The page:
Ektio has just three permanent employees: Katz; his son, John, an MBA student at New York University who handles sales and marketing; and his wife, Carol, who handles operations and billing. Other work, such as sneaker design and manufacturing, currently is handled by freelance consultants. Katz would like to hire more employees to help grow the business, but he has found raising enough capital to be difficult. “Of course, it’s always a challenge,” Katz says, but he suspects that investors may be wary of investing in such a competitive space. So Katz is planning to launch a crowdfunding campaign on Kickstarter this year.
He has big plans. Katz wants to use this technology in other types of shoes, including construction boots, hiking boots, and shoes for tennis and volleyball, and he’s also looking for potential licensing partners. “I know our product is going to help people,” he says. “It’s going to help people who have never sprained an ankle to protect their ankles. And if people have had a sprain, this is going to give them the opportunity to play sports with much more confidence.”
Kira Zaiger, MBA’04
Senior Manager, Sourcing, Business Operations, New Balance, Lawrence, Mass.
For Kira Zaiger, working in the athletic shoe industry means watching out for floods in Indonesia, monitoring strife in Vietnam, and planning around the New Year in China.
Zaiger manages the team that handles sourced manufacturing for all New Balance shoes. She and her colleagues determine which factories are available to produce the right number of shoes in the right time frame. Then they oversee production to ensure shipments leave the factories on time. Although one out of every four pairs of shoes that New Balance sells in the U.S. is made or assembled here, many are manufactured in Asia, which means Zaiger has to consider current conditions in these countries as she and her team make decisions.
Chinese New Year, for example, challenges anyone doing business in China, Zaiger says. Workers travel to visit their families for the February holiday, and factories generally shut down for two to three weeks. Complicating matters, New Balance has a high-capacity requirement in February for autumn and winter products. So Zaiger’s team works hard to prepare for these hurdles. “We try to get better at it every year,” she says, “but there always seems to be something new to add to the situation.”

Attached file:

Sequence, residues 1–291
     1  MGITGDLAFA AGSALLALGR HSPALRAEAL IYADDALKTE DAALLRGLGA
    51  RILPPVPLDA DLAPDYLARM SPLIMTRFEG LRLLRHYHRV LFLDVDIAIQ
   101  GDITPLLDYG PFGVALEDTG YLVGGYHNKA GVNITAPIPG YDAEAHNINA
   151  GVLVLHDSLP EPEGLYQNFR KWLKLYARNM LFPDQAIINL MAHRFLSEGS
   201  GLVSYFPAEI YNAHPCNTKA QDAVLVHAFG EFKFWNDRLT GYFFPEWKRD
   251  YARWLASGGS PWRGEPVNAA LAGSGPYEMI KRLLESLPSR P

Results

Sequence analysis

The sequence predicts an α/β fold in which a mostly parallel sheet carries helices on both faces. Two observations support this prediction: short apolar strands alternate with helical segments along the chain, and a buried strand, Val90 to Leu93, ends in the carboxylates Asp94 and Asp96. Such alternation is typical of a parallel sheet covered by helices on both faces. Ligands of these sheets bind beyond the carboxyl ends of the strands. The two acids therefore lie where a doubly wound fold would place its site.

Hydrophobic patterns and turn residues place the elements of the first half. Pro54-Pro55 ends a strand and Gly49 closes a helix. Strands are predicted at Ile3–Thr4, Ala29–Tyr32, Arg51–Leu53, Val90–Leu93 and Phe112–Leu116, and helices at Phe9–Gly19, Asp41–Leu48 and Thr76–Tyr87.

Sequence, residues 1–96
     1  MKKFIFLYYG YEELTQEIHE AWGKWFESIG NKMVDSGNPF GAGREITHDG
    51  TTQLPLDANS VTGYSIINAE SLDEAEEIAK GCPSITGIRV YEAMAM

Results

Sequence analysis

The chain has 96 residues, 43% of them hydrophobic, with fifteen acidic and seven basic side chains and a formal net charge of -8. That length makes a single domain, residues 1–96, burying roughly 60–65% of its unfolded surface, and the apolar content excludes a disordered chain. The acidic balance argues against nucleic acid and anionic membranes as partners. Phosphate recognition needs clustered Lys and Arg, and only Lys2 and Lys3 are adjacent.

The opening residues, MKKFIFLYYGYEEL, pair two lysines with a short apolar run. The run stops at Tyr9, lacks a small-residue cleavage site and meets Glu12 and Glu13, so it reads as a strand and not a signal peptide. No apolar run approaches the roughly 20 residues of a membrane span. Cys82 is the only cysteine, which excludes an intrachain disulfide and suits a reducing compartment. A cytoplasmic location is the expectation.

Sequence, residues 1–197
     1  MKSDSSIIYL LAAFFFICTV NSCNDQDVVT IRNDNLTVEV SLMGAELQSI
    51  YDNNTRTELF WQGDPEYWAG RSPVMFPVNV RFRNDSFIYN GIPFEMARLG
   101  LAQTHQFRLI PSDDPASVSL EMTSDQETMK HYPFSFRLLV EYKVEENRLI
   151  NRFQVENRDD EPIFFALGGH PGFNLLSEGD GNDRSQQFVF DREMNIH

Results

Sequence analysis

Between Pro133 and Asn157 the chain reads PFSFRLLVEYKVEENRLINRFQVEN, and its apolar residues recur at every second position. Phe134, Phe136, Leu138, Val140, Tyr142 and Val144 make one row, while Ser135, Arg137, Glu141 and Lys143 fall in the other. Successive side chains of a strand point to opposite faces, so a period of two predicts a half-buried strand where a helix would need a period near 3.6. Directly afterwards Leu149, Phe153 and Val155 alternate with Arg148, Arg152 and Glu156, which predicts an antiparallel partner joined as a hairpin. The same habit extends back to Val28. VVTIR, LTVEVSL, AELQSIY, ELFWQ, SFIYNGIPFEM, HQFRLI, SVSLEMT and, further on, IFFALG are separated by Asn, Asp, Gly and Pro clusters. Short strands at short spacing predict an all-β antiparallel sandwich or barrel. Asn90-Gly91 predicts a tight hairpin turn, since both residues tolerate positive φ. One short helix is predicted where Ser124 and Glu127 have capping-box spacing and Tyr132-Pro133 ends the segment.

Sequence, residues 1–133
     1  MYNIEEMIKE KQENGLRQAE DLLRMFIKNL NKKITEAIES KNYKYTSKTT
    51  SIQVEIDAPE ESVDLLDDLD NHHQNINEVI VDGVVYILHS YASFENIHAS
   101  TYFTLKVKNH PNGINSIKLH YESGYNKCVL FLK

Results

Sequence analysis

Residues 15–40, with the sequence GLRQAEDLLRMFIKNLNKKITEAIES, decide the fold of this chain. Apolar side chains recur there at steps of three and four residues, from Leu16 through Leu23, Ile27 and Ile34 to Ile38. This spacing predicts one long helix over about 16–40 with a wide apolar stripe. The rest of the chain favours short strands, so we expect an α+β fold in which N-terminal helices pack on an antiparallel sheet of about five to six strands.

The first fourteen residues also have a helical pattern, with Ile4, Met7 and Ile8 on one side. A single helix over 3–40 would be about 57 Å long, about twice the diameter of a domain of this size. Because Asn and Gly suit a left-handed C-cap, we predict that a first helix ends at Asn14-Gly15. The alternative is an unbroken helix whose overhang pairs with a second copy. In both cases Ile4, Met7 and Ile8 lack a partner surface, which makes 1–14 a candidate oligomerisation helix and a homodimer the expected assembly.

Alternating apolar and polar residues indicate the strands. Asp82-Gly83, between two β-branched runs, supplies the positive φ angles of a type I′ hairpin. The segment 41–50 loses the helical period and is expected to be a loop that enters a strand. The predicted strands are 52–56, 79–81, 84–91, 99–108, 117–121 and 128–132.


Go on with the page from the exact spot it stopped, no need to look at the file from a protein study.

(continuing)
After working many years in the apparel industry for companies such as Talbots and Liz Claiborne, Zaiger joined New Balance almost three years ago, making her “a relative newbie.” The last year has been particularly challenging for the company, but in a good way. “We’ve experienced incredible growth this year, which is great, but a lot of it happened very fast,” she says. “This year has been about ramping up capacity to address the greater demand.”
The company’s international markets have taken off, especially in Japan and China. “The brand has really caught fire,” says Zaiger. Expectations are for this growth to continue, and Zaiger will help plan for the brand’s global future.
New Balance is growing in the United States as well, driven in part by ramped-up marketing campaigns. The big news in Boston last year was that Red Sox slugger David Ortiz switched his endorsement to New Balance, says Zaiger. As New Englanders, she and her colleagues find it fun watching Red Sox games to try to see who else is wearing New Balance cleats, and she has grown skilled at spotting her company’s shoes at a distance. “It’s funny. It’s now more of a test to see if I can tell which style it is,” she says.
In her three years in the sneaker business, Zaiger has noticed an emphasis on lean manufacturing over the quest to find cheaper workers. The lean approach involves improving productivity with automation, new management approaches, and designs that are easier to manufacture. “You can’t continue to chase cheap labor,” Zaiger says, especially while maintaining New Balance’s quality standards and desire to be socially responsible, which includes ensuring safe conditions for factory workers.
Zaiger travels to Asia up to three times a year. The visits remind her of how many people are involved in the process of manufacturing a sneaker. “You walk into these factories, and there are thousands of people who are building these shoes,” she says. “There’s someone who’s touching every single part of the shoe.”
Thinking about all the stages a sneaker goes through until it reaches the customer can boggle the mind, says Zaiger. Going from initial design concept to store displays, when hopefully the sneaker’s style is trending in popularity, takes about 18 months. “It’s almost amazing when it’s done correctly,” she says. “Sometimes when I see the shoe on someone’s foot, I think, ‘Oh, my gosh. I know the whole story there.’”